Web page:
The internal destabilization of many poor countries that accompanied the end of the Cold War and the general failure of structural adjustment programs have changed the nature and allotment of foreign aid around the world.
Major donors of foreign aid such as the United States, Japan, and the European Union have been shifting their geographical priorities in allocating aid, as well as their project emphasis, since the end of the Cold War. In addition, multilateral aid agencies—the World Bank, the United Nations, and the International Monetary Fund—are attempting to redress past failures of aid and revamp policies and priorities. Moreover, aid recipients in Africa, the Middle East, Asia, Eastern Europe, the former Soviet republics, and Central America are establishing priorities of their own and evaluating the success and failure of past aid programs.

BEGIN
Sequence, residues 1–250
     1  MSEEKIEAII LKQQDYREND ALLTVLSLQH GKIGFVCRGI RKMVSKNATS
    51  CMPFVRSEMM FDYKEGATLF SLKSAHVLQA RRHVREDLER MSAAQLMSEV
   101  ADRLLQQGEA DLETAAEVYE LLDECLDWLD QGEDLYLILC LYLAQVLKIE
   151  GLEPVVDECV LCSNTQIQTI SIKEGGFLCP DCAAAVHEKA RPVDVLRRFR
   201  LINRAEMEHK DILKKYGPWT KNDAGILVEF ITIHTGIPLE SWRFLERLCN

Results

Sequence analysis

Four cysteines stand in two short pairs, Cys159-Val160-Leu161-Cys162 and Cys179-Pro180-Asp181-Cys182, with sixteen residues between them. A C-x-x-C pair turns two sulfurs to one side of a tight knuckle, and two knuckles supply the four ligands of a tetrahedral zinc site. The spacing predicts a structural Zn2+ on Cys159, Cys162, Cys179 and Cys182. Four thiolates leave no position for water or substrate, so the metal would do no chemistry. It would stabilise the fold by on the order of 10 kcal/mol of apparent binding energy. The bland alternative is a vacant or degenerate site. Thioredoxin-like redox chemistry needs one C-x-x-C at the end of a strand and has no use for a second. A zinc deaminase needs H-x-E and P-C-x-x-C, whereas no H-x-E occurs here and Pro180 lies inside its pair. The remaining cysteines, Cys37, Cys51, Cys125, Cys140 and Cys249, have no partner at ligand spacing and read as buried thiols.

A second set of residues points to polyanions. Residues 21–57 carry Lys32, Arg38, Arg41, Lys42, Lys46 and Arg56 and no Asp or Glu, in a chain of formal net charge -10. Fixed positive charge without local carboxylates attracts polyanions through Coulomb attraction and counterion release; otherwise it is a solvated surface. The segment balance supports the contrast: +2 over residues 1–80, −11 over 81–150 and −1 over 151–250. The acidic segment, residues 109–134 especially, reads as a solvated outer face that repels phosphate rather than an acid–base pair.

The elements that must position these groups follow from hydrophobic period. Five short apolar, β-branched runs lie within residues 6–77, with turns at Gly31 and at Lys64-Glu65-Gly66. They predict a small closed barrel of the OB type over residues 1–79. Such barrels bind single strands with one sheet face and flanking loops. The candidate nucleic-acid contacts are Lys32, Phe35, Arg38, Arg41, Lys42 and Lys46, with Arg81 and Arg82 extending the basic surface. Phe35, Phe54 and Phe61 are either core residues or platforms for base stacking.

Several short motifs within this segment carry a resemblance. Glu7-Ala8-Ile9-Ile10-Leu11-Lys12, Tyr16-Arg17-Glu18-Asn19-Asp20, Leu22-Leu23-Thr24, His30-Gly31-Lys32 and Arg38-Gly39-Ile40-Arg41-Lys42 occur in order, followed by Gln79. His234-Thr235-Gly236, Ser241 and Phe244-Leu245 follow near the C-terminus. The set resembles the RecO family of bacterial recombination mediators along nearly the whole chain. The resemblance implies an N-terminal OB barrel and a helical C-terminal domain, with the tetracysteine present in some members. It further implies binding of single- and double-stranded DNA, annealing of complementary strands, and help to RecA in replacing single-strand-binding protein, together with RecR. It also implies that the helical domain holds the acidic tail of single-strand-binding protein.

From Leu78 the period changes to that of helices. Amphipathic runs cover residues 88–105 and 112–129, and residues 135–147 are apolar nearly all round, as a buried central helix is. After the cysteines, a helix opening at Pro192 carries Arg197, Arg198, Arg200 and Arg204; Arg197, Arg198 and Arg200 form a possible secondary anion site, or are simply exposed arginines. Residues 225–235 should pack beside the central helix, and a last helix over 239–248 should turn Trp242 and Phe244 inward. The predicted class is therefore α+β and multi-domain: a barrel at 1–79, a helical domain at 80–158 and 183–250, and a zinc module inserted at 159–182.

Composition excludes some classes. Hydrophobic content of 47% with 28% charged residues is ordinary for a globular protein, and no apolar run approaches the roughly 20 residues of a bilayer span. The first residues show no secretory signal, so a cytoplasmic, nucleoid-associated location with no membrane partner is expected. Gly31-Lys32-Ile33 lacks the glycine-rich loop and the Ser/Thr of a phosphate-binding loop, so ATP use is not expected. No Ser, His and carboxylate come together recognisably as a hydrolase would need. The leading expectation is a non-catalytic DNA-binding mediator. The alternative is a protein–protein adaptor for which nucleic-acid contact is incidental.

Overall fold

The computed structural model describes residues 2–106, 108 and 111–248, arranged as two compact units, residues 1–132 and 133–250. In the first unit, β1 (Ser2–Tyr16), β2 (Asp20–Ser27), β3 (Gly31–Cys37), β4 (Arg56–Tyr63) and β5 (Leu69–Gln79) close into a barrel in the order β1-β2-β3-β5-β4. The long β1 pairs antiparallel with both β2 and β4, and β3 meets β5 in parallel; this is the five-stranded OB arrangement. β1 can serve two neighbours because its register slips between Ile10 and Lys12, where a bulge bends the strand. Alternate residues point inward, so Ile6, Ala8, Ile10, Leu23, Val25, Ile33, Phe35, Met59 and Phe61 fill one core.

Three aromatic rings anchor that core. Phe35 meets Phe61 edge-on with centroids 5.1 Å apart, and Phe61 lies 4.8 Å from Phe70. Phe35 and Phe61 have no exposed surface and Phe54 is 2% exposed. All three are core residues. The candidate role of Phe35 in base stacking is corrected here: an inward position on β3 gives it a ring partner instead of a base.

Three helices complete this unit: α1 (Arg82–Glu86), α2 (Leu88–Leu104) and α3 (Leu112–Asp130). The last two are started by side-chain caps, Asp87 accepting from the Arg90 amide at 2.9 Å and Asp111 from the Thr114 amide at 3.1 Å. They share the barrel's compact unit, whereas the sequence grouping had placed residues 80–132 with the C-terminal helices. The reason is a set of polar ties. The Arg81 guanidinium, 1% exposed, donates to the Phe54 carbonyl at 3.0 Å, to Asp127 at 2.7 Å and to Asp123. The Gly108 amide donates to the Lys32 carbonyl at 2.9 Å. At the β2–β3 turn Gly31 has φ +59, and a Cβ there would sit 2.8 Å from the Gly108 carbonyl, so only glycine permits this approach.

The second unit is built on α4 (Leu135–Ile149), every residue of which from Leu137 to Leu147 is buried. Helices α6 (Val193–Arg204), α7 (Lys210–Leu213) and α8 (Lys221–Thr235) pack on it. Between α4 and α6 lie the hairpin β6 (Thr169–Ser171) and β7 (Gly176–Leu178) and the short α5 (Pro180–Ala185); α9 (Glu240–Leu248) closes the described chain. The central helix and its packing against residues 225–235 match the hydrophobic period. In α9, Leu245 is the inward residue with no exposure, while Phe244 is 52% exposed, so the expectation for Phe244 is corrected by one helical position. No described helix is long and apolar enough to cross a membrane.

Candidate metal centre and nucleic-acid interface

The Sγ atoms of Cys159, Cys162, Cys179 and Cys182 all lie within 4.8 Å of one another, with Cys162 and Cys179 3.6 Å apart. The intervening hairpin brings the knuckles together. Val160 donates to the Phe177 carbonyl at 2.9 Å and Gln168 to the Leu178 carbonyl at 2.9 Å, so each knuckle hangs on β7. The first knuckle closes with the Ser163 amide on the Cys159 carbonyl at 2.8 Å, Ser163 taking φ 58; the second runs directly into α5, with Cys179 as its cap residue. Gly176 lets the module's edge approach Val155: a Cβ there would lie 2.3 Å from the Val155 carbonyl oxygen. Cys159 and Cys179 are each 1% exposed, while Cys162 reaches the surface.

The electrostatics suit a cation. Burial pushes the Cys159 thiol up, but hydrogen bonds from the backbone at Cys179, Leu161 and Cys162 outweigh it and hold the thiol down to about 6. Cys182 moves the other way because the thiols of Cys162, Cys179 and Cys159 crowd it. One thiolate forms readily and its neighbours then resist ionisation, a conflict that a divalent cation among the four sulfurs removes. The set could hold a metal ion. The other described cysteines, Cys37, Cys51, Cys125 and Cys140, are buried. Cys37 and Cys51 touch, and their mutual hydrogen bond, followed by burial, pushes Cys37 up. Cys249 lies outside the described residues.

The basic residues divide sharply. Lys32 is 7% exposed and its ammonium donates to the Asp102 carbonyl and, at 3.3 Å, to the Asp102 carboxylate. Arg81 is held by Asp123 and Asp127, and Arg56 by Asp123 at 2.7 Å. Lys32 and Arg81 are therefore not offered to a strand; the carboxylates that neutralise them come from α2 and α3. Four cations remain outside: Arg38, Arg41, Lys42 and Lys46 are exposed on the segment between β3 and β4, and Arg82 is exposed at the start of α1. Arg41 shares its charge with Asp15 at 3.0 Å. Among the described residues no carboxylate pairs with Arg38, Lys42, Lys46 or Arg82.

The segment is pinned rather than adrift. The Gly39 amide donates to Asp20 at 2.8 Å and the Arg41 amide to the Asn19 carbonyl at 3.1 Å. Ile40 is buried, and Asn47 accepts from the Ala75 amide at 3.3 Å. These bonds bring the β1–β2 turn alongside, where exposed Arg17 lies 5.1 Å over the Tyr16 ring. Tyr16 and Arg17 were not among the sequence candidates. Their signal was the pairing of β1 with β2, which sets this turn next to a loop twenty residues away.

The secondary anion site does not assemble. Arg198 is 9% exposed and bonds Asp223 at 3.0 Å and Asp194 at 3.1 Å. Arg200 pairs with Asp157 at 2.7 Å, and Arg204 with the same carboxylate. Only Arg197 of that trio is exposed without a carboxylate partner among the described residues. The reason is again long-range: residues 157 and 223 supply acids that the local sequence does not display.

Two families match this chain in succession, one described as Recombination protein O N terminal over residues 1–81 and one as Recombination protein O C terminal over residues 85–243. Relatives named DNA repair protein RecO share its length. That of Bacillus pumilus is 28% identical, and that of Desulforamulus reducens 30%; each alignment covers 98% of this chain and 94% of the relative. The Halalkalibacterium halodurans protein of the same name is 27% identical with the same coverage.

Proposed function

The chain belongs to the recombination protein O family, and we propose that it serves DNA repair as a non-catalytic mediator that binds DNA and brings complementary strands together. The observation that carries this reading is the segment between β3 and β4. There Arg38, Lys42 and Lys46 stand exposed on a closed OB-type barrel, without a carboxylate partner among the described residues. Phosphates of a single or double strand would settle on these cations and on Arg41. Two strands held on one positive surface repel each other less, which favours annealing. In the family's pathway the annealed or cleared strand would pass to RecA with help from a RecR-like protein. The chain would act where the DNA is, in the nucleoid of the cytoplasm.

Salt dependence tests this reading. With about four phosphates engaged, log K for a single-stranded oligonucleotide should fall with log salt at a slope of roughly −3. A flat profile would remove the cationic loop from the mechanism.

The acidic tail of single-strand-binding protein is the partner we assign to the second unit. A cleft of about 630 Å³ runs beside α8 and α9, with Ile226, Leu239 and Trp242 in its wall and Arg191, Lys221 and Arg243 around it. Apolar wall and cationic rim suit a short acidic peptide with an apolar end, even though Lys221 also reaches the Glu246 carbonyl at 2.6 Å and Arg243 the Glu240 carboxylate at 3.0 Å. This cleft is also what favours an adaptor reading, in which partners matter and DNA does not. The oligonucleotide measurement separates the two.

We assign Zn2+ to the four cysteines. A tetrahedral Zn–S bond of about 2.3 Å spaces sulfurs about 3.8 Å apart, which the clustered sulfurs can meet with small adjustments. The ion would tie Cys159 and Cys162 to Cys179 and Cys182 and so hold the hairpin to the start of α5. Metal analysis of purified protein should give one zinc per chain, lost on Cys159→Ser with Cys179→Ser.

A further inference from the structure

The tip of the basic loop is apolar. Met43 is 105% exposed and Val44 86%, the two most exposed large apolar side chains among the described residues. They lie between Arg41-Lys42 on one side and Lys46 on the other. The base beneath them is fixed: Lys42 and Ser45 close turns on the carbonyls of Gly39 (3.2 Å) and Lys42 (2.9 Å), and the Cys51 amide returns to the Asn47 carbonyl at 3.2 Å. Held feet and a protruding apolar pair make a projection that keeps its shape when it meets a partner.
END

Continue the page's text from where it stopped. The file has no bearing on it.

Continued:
This volume stands out in the literature on foreign aid because it includes contributions from eight policy representatives from a range of important donor and recipient countries—the United States, Japan, the
Netherlands, Bolivia, Egypt, Bangladesh, El Salvador, and Poland. Timely in its assessment of the crisis and the transition in the foreign aid regime, the book provides a view from inside the policy process and imparts a researcher’s perspective on the changing priorities for donors and recipients. The wide-ranging essay—most previously unpublished—aim to shed light on the changing political, economic, and regional geographies of aid at the end of the twentieth century.
Series: Space, Place and Society
6.32 x 9.34, 272 pages, 15 black and white illustrations, 9 maps